LAPORTE | The craft brew scene is taking off so much in Northwest Indiana that a home brew supply store decided to move into a downtown LaPorte storefront without knowing a brewpub planned to open next door.
New microbrewery Twisted K-8 will open a block from the courthouse in downtown LaPorte on Saturday, and homebrewing retailer LaPorte Brew's plans to open sometime in January.
LaPorte has been home to the craft brewer Back Road Brewery since 1996, but the microbrew scene is really starting to gain a foothold downtown, said Tiffany Bley, the downtown director for the Greater LaPorte Chamber of Commerce. The Etropal Restaurant and Lounge has a craft beer club, a selection of 60 different beers and a dozen microbrews on tap. The popular Mexican restaurant Muchos Mas! Fresh Mex Grill just got a liquor license and added a craft beer selection.
"I think everybody really enjoys a craft brew these days, and it's an added draw," Bley said. "It's really awesome that so many places downtown now serve craft brews. With the new brewpub and the homebrew store, it's kind of becoming a craft beer mecca."
Microbrewing has been taking off across Northwest Indiana, with several new breweries on tap to open soon. The number of craft brewers in the Calumet Region is poised to nearly triple from seven at the beginning of 2012 to at least 20 that are now open or planned.
LaPorte's first new brewery in nearly two decades has been in the works for the past six months and been a dream for the past five years, after owners Michael and Kate Boshaw first started homebrewing with Michigan grain in the biggest metal soup pots they could find. Early on, they had to go to suppliers to find already cracked Michigan grain, before they got their own grinder.
They learned along the way, after hand-bottling their beer and handing it out to friends for their feedback. They invited 100 people to a tasting party at their house and gave samples at the Porter's Pint Festival.
They adjusted if people didn't like a particular beer and even ended up using much of a farmhouse ale for cooking.
"I think what people like about craft brewing is that you can make a beer taste the way you want it to," she said. "You can add twists and flavors you won't get from big brew distributors, not to knock them."
Kate Boshaw is the namesake of the new brewery at 610 Monroe St. Her husband nicknamed her "Twisted Kate" because of a wild streak that has impelled her to hang over the platform on a zip line.
The Boshaws are big beer fans, who have made trips out to Michigan craft brewers and planned entire vacations around which microbreweries they can visit. He always talked about running his own brewpub and decided to take the jump after she told him one day that she wasn't planning to stay at her day job long-term and was waiting for him to open a place up.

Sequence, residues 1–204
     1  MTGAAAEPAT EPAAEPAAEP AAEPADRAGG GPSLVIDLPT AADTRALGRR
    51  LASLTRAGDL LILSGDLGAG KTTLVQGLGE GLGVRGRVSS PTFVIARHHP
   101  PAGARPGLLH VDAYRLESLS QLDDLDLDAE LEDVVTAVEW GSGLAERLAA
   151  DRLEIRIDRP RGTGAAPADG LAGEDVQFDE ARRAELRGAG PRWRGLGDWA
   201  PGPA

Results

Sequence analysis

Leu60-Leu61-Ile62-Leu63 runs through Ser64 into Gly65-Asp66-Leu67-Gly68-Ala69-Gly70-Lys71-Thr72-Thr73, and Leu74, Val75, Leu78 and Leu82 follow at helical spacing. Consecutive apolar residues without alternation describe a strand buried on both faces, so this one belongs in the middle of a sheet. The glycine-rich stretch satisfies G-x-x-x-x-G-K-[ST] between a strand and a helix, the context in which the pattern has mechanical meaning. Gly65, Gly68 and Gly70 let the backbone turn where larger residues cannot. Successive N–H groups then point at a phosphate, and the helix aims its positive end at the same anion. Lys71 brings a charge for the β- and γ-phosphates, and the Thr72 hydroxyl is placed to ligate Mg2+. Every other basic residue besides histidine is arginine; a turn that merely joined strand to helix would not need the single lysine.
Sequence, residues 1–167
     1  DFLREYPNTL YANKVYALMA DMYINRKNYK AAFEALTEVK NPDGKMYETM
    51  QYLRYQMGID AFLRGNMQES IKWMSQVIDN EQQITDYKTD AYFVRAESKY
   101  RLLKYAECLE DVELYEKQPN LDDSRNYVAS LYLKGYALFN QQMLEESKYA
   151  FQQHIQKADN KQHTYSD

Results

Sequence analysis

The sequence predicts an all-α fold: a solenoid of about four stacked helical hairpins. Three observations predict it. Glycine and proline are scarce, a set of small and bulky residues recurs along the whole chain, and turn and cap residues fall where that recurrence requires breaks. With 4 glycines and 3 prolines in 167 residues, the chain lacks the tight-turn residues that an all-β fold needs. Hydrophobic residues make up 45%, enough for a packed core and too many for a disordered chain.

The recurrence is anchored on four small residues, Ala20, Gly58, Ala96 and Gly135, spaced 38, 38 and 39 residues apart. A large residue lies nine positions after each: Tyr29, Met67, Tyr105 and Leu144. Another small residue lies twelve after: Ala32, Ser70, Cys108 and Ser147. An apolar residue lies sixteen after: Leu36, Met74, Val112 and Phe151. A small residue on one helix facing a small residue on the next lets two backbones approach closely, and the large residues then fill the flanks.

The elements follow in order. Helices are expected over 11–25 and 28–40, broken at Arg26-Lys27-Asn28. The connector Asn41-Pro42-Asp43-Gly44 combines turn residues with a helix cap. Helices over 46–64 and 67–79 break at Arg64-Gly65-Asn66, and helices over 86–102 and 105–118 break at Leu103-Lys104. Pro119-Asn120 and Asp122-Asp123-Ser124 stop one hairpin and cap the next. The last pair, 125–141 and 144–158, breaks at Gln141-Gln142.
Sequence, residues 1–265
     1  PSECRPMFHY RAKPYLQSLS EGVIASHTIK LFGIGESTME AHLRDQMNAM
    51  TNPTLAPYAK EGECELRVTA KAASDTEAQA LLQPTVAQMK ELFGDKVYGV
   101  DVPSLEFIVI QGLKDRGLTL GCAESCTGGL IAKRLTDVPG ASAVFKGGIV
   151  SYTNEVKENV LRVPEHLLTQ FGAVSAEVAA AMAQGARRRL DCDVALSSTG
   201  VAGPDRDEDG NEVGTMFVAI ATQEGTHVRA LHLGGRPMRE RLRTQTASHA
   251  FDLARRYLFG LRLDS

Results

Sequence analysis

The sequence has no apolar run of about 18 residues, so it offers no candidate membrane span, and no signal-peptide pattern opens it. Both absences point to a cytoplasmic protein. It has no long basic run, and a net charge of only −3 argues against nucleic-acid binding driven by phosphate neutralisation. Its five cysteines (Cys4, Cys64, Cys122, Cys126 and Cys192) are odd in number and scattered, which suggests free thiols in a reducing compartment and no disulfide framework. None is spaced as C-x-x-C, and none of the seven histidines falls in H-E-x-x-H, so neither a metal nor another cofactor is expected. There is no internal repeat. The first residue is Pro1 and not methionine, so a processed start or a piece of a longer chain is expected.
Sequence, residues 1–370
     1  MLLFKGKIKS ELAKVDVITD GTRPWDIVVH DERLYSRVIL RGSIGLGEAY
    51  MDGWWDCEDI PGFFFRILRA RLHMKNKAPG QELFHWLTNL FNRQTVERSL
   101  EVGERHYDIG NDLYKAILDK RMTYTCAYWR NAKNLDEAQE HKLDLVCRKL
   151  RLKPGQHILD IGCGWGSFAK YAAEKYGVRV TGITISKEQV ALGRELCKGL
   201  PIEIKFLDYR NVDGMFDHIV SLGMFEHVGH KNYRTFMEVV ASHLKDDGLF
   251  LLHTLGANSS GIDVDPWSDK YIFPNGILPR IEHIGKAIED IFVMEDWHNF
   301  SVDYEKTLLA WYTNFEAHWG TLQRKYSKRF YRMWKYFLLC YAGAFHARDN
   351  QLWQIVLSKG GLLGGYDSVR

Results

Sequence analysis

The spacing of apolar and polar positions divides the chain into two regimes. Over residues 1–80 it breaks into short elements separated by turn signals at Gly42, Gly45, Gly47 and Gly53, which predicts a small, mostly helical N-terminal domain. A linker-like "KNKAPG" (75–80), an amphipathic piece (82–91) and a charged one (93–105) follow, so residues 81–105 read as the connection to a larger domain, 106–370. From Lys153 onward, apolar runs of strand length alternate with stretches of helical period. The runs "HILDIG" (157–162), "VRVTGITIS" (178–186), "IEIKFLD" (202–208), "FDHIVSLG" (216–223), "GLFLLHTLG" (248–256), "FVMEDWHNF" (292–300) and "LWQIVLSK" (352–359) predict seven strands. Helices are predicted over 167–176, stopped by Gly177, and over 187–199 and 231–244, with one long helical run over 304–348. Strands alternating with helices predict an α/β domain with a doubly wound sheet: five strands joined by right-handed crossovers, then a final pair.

Their new brewery will feature the flagship 697 American Pale Ale, Hazelnut Coffee Brown Ale, Slicer Wheat, Hos IPA, and a hazelnut cocoa stout they've dubbed HazCo. They will serve pints and growlers to go.
By next spring, they hope to open a kitchen with a small menu of pub fare that will prominently feature their beer. They plan to use their beer as an ingredient in their pulled pork, beer cheese and caramel sauce for cookies.
The 55-barrel brewery eventually hopes to expand by bottling and incorporate a distribution company, which potentially could distribute Twisted K-8 and other local beer brands.
Twisted K-8 also will carry products from local businesses, including summer sausage made in Kingsbury and Fair Oaks Farms Cheeses.
As a happy accident, the expanding Valpo Brew's is putting its first outpost, LaPorte Brew's, right next door at 612 Monroe St.
"It wasn't planned that way," said owner John Filewich, who opened the Valparaiso homebrewing supply store six months ago with the intention of expanding the business. "We were already enamored of the space before we realized there would be a brewery next door."
When looking at where to grow, Filewich chose to expand in LaPorte because so many of his customers were coming from that area. The new store will carry a wide variety of grains, more than 120 hops and more than 120 strains of yeast.
The 1,600-square-foot store also will offer homebrewing classes and spaces for homebrewing clubs to gather.
"There's a lot of reasons why it's taking off," he said. "It's especially prominent in Northwest Indiana because there's the right blend of disposable income and blue-collar people. People are starting to realize that beer can be just as, if not more, complex than most wines."